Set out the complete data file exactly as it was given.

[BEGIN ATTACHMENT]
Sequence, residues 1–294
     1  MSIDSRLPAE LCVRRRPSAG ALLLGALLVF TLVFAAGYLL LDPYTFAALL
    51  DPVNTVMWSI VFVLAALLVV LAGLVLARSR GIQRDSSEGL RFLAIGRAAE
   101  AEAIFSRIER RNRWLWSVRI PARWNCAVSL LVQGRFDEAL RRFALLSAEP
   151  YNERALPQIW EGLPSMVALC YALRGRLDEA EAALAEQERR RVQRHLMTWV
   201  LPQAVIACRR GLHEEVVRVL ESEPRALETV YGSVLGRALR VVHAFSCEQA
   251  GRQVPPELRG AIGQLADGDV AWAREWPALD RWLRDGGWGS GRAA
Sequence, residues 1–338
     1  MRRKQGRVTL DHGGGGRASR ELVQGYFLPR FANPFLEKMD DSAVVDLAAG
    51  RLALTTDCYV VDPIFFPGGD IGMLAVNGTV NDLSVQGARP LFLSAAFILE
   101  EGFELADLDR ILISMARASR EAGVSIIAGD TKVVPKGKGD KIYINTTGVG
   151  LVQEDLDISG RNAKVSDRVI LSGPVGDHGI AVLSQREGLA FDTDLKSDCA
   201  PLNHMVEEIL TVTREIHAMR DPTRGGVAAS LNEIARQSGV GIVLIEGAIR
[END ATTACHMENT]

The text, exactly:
Sequence, residues 1–294
     1  MSIDSRLPAE LCVRRRPSAG ALLLGALLVF TLVFAAGYLL LDPYTFAALL
    51  DPVNTVMWSI VFVLAALLVV LAGLVLARSR GIQRDSSEGL RFLAIGRAAE
   101  AEAIFSRIER RNRWLWSVRI PARWNCAVSL LVQGRFDEAL RRFALLSAEP
   151  YNERALPQIW EGLPSMVALC YALRGRLDEA EAALAEQERR RVQRHLMTWV
   201  LPQAVIACRR GLHEEVVRVL ESEPRALETV YGSVLGRALR VVHAFSCEQA
   251  GRQVPPELRG AIGQLADGDV AWAREWPALD RWLRDGGWGS GRAA
Sequence, residues 1–338
     1  MRRKQGRVTL DHGGGGRASR ELVQGYFLPR FANPFLEKMD DSAVVDLAAG
    51  RLALTTDCYV VDPIFFPGGD IGMLAVNGTV NDLSVQGARP LFLSAAFILE
   101  EGFELADLDR ILISMARASR EAGVSIIAGD TKVVPKGKGD KIYINTTGVG
   151  LVQEDLDISG RNAKVSDRVI LSGPVGDHGI AVLSQREGLA FDTDLKSDCA
   201  PLNHMVEEIL TVTREIHAMR DPTRGGVAAS LNEIARQSGV GIVLIEGAIR